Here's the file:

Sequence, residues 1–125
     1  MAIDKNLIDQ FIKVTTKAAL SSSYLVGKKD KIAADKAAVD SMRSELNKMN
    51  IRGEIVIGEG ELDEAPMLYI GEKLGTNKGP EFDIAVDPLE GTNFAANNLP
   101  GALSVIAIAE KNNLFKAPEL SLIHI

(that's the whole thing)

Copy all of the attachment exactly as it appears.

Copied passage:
Sequence, residues 1–125
     1  MAIDKNLIDQ FIKVTTKAAL SSSYLVGKKD KIAADKAAVD SMRSELNKMN
    51  IRGEIVIGEG ELDEAPMLYI GEKLGTNKGP EFDIAVDPLE GTNFAANNLP
   101  GALSVIAIAE KNNLFKAPEL SLIHI